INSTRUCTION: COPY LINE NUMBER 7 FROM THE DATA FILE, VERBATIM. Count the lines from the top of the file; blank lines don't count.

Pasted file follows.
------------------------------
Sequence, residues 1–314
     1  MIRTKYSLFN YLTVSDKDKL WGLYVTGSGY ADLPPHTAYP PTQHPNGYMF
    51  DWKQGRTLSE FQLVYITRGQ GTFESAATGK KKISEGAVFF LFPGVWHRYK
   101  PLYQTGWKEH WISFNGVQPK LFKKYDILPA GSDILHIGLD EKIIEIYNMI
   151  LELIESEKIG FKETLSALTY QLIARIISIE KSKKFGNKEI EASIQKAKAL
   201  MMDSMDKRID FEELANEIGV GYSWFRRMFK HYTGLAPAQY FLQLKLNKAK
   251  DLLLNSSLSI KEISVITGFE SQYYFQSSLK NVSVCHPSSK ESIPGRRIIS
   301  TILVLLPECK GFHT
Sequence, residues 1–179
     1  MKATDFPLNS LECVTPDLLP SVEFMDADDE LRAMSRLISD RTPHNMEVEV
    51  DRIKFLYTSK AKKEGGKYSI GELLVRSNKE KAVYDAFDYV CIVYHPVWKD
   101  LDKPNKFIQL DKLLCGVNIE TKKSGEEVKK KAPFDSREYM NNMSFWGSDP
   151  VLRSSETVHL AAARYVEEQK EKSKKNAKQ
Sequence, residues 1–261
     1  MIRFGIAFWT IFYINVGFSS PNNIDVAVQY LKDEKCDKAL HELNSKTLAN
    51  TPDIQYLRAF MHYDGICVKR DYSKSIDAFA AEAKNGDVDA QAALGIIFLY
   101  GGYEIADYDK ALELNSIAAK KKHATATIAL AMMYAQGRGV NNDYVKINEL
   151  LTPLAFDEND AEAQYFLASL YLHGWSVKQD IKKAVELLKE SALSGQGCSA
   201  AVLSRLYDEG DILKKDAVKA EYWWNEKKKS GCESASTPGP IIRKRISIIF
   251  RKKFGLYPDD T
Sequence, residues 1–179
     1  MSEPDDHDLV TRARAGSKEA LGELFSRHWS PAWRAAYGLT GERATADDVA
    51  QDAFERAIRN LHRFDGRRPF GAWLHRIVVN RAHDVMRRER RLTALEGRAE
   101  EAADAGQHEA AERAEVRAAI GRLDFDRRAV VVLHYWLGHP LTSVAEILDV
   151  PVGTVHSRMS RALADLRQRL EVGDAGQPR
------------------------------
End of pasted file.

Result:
   251  DLLLNSSLSI KEISVITGFE SQYYFQSSLK NVSVCHPSSK ESIPGRRIIS